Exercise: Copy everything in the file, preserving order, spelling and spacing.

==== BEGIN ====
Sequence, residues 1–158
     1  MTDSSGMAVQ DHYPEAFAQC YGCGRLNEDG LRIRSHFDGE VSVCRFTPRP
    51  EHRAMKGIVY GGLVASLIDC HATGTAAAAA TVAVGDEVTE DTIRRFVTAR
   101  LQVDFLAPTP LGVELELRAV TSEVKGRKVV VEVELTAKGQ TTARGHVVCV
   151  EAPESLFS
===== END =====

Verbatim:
Sequence, residues 1–158
     1  MTDSSGMAVQ DHYPEAFAQC YGCGRLNEDG LRIRSHFDGE VSVCRFTPRP
    51  EHRAMKGIVY GGLVASLIDC HATGTAAAAA TVAVGDEVTE DTIRRFVTAR
   101  LQVDFLAPTP LGVELELRAV TSEVKGRKVV VEVELTAKGQ TTARGHVVCV
   151  EAPESLFS